June 21, 2011
Practices in ancient Israel were very different from the modern western world. Indeed some cultural practices have become fodder for critics and skeptics. The practice of uncovering the feet (Ruth 3:7), for example, seems to the modern mind to be improper if not immoral, but in ancient Israel it did not carry the same sexual connotation as we might infer from it today.
- First: It is unlikely that Boaz was alone at the threshing floor that evening after the days work. The harvest was in progress and the workers most likely “camped out” with him.
- Second: There is nothing intimate in this passage. The language indicates that there was a distance between Ruth and Boaz. Ruth lay at his uncovered feet while he was sleeping and when he awake he put the corner (“skirt” is used in Scripture to speak of an edge or border or extremity) of his garment over her.
- Third: both these actions were symbolic. Uncovering the feet of Boaz was an indication of subjection and submission and her willingness to become his wife. Furthermore, when Boaz threw the corner of his garment over her he indicated his willingness to spread a covering over her, as though taking her under his wing (cf. 2:12).
- Fourth: the reason Ruth gave (3:9) for her action at the threshing floor was not at all sexual, but legal. She needed a (near) kinsman redeemer.
- Fifth: that Boaz acted honourably is clear from the fact that he presented the other kinsman before himself (4:1f).
June 20, 2011
One of the key characteristics of God toward his people is his loyalty. The Hebrew word used is hesed and is translated by various words in our English translation (mercy [by far the most prominent translation], kindness, loving kindness, favour, goodness). When the Bible speaks of Jehovah it is this attribute that is principally in view. God is loyal to his people in mercy because He loves them. Love is the basis of his loyalty; he is loyal because he loves them. The word mercy is also closely linked to this loyalty (Psalm 103:4; Zechariah 7:9; Genesis 19:19; Psalm 109:12).
When we see this word hesed in the book of Ruth it is first referring to God (1:8) in Naomi’s prayer for Ruth and Orpah. That prayer was answered with respect to Ruth, the Lord”[did] her kindness” in bringing her into the “rest” (1:9) and security of Israel. The next mention of hesed in the book is the result of this, Ruth has “showed more kindness” (3:10 Lit. “bettered her kindness”) towards Boaz. She made good on the love of God to her.
The kindness Ruth showed was extraordinary and unexpected by the world’s standards. Orpah chose to go back, but Ruth’s love for Naomi and her God demanded that she followed on, even beyond the grave (1:17). This lifestyle of hesed is subsequently seen throughout the book and it underlines for us the characteristics of Christian fidelity and loyalty in the home, church and in every area of life. Loyalty of this kind is based in love; “let us love one another, for love is of God” I John 4:7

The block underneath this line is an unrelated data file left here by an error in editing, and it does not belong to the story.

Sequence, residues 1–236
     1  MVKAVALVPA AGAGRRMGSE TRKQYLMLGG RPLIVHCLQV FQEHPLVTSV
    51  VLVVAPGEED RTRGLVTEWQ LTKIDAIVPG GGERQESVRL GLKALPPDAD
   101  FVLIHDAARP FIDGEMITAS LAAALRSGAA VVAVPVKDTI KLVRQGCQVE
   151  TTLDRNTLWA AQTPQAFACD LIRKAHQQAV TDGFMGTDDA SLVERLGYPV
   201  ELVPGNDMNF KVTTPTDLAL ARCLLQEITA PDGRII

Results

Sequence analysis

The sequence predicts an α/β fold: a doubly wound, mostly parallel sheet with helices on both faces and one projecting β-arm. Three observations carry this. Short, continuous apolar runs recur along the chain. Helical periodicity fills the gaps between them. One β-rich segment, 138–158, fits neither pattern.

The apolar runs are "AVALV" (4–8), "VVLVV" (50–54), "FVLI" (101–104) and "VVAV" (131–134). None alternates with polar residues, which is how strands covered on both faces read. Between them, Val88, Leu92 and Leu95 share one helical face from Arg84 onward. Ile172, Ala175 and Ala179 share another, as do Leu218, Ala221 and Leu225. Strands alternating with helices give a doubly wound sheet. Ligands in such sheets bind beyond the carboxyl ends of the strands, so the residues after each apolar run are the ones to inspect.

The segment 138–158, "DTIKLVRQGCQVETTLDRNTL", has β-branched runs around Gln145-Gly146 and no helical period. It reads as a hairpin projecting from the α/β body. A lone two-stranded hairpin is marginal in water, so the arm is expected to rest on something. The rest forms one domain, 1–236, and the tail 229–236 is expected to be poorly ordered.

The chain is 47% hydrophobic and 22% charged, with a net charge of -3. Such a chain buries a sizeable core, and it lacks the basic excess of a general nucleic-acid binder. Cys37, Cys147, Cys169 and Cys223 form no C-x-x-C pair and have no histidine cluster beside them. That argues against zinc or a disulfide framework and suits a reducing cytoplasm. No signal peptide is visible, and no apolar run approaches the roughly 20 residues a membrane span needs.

June 18, 2011
The Sovereignty of God
It is rather paradoxical that a book so rich in the works of God makes so little mention of God. There are instances where it seems the writer avoids attributing to God the credit for actions (cf. 2:3) or inquiring of God for wisdom (3:18). But the work of God is evident throughout this entire book. Indeed the manner of writing seems to emphasis the hidden hand of God continually at work on behalf of Naomi and Ruth even in those circumstances we might consider coincidental. God is working all things out in this world for his own glory and the believer’s good even what seems to us to be against the will of God (Romans 8:28).
The key thought concerning God in this little book is His sovereignty in salvation. When Ruth’s husband died in Moab she could never have imagined the blessings that the Lord was going to raise up out of death. Amid the cruel twists and turn of this changeful life God in his providence showed His grace to Ruth and Naomi. The inclusion of Ruth in this divine plan underlines the inclusiveness of redemption. Ruth is among a number of Gentiles in the Old Testament to be brought into the blessing of Israel promised to Abraham in Genesis 12:3. The grace of God is not only seen in relation to redemption but in provision for his people. The book begins in famine and death and end with plenty and new life.